I then consulted with a psychologist, a female one. And from here, things changed. From the very first session, I started to feel a bit lighter as if there were tons of stuff on me, and I finally threw it away. Day by day I began to think that I was worthy, worthy of being alive. That fogginess around me began to clear, I could see, I could figure things out, I could think. I mean, it was such a very different feeling that cannot be defined unless experienced. The course of medicines is still going on, but they have reduced, instead of taking ten to twelve medications per day I now only take five. This is some achievement, at least I think so! 😀
I describe having sessions with a psychologist as like purging everything out of yourself and getting the guidance you need to hear. It is a two-way relationship. The more you share, the more he/she can understand you and your situation and help accordingly. I have just had three sessions and I already feel better!
I still get panic attacks and I am not fully well, but I am better! I recently had a severe panic attack, I continue to struggle with my sleep cycle sometimes, and I still have anxiety. Recovery is a vast process that has no timeline. I currently describe myself as a tortoise, so I am moving at my own pace.
I encourage you to seek help if you need it. When in doubt, ask other people who have been through recovery and learn from them. It helps!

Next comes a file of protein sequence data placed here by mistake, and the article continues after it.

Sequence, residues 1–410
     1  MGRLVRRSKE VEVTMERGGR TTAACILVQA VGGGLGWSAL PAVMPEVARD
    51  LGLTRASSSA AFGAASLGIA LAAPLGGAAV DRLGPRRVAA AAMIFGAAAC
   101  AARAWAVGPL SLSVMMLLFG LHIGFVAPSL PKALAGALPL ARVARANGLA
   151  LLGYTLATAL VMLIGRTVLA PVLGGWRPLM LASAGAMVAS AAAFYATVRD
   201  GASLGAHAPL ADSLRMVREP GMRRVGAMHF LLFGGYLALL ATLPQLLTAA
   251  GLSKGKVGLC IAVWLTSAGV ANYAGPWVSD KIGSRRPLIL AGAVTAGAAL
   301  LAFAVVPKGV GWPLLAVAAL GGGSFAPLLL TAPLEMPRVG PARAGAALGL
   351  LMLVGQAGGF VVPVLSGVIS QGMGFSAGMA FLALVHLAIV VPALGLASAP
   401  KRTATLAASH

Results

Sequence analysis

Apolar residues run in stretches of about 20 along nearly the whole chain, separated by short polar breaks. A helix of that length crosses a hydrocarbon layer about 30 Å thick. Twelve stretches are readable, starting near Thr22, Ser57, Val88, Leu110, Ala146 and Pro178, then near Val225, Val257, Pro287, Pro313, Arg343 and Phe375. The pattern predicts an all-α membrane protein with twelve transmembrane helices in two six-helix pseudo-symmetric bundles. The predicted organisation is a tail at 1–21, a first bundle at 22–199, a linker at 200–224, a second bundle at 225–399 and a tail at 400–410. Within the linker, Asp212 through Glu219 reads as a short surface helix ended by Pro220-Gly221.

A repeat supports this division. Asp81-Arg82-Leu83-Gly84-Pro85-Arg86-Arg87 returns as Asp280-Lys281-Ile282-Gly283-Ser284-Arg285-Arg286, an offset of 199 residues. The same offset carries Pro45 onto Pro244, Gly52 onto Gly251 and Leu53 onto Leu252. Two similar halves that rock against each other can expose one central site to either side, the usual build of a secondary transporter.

My three primary purposes of advocating for mental health is to
–encourage awareness regarding the illnesses
–advocate for less dependence on medication because in the end they are drugs and the addiction and side effects are bad
–help prevent others from going through the black hole that I went through because it is hard to escape from.
So, folks, I guess this is it. I wrote this article to share what I experienced between the two professions and to explain their differences because a lot of people have difficulty distinguishing between the two. I encourage you to seek help without hesitation. And, seek out a second opinion if you like. It will give you more clarity about your case/illness.
Take care, hugs from afar. See you next time. ❤
— Parika B., Guest Blogger
Parika is a new friend to RPSV who resides in India. She shares her struggles with mental illness and depression on Twitter, which is where she and RPSV became great friends. She continues to inspire us and her followers with her honest, authentic, daily struggles with depression. This article is from one of her recent blogs. We love you, Parika!
We at RPSV also encourage you to seek help if you need it. RPSV offers five drop-in Recovery Centers across Northern Virginia, 15 virtual telehealth weekly support groups, and Warm Line phone support. Like Parika’s article demonstrations with her focus on supporting peers who are experiencing what she has gone through, we rely on peer support to help individuals during their journey to recovery. We are all in this together! RPSV’s programs are free. Learn more at rpsva.org or call (800) 374-4198 today!